"It's not for you to follow where he's gone, not yet." The trick of answering John's unspoken thoughts is hardly new to him. He's ignored the amount it annoys him so often it really doesn't, now; or it may be the peacefulness of the night has entered his heart.

"I miss him so much," John says.

He feels the depth of her sigh. "I miss him every time he leaves. As I feared we would miss you."

"You don't know me—"

"The Companion with a Thousand Faces? Of course I know you."

John's inner sane man (he knows most people have one; he hopes, on the whole, that most people listen to theirs more often than he does) quietly moves the woman from a Mycroft-flavoured column to one marked 'Whacko.' Not the same one as Moriarty by any means. More of a Hyde-Park-Corner, Professor-Trelawney, mostly-harmless column. But in himself, in this moment, John-who-is-beset-by-all-comers, the one Sherlock loved to poke and who gave as good as he got — John-in-the-experience doesn't judge. He wants to know more.

"I cannot tell you more. You already know that your heart must work with your head, that you find both of them in your hands. It's good your eyes are clearing, for you are not done needing them, and nor is he."

"He can't need anything anymore." At that the sorrow flushes back into John's throat. He can't need me.

"His work is far from finished."

"Is Moriarty still out there, then?"

"Does that matter? His work is far from finished either."

A criminal web with a thousand radiations— "That's not my work," John says. Mycroft's. Maybe even Lestrade's. Because, he doesn't even need this woman to tell him, they've done such a good job so far. But John has no idea where to pick up the thread. Well, the kidnapping, perhaps. You know my methods.But John can't see himself doing anything but plodding blindly over the same ground Sherlock had read, flawlessly, while running at top speed. "I can't do what he did."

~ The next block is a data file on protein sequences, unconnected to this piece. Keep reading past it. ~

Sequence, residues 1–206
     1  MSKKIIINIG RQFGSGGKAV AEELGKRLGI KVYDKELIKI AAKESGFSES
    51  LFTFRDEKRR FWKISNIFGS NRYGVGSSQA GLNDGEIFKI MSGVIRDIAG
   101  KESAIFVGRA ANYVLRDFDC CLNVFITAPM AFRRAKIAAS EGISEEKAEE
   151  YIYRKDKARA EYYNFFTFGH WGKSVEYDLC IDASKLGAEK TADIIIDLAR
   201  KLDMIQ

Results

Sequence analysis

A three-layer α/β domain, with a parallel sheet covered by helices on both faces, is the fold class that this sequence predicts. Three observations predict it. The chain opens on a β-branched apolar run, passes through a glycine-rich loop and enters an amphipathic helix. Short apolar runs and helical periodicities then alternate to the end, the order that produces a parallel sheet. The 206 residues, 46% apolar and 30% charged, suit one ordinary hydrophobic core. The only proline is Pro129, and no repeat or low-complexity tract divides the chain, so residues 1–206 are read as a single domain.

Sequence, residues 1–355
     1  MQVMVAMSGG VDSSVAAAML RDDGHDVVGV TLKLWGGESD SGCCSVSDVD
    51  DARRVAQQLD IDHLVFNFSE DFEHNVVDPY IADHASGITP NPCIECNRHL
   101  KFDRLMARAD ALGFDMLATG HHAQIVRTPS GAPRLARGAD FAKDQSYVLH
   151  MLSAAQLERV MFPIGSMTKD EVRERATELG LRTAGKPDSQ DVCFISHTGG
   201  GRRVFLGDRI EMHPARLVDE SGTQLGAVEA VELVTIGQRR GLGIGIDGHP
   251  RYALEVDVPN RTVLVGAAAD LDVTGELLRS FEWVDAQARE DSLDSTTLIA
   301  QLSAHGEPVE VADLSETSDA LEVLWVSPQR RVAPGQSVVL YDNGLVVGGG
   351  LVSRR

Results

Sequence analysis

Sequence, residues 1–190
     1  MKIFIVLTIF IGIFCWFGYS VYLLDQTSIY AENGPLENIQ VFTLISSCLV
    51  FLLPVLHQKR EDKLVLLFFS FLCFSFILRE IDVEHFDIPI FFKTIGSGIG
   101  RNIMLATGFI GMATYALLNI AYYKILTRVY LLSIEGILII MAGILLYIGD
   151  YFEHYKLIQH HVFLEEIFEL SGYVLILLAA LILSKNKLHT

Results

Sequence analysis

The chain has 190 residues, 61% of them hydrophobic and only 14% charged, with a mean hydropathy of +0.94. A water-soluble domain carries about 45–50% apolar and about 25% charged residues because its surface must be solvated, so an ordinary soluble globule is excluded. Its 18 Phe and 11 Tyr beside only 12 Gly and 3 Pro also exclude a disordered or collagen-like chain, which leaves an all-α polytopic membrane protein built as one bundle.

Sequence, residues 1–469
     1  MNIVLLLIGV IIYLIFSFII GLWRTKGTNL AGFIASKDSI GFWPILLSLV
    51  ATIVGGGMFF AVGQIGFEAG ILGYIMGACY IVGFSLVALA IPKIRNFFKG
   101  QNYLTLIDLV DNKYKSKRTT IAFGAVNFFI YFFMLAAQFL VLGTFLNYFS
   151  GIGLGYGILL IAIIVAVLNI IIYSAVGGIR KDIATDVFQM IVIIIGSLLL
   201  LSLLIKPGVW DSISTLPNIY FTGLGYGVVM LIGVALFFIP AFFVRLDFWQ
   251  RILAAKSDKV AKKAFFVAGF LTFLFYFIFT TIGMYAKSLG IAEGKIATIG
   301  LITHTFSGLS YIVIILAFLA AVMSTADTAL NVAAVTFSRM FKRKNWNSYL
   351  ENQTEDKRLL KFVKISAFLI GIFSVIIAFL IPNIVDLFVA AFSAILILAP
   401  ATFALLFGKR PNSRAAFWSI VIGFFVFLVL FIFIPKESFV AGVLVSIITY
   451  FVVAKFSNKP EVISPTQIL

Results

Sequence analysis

"Then do what you can."

Well, that's unfair. Not what he signed up for. Alongside his sorrow John lives with bitter anger at his friend, the one it's so much safer not to look at. He managed well enough with the death of friends, comrades, trusted officers in his Army days; he'd tried to counsel others who felt the same as he did, broken and furious at the dead for leaving almost as much as at the ones who had killed them. Sherlock had been more to him, in less time, than any of those; but his killer was the same man as the one John had loved. The heat of his rage threatens to burst out, to cover the landscape of his mind with ashes and burning, broken glass. (It's just what Ella's looking for, but he doesn't trust her with it either.) John can't begin to deal with it, and this strange woman is demanding he deal with an enemy no one has managed to lay hands on. Part of him snaps.

"Why am I left all alone to make up my mind what to do?" The words don't feel like his, but the feelings do.

She taps him, not hard but chidingly, on the cheek. "You are the man Sherlock Holmes could not do without."

"He stepped-he leaped— off that building. He left me, us, to do without him."

She shrugs. "You can only judge what you understand. If he had left less cruelly, would you be any more capable?"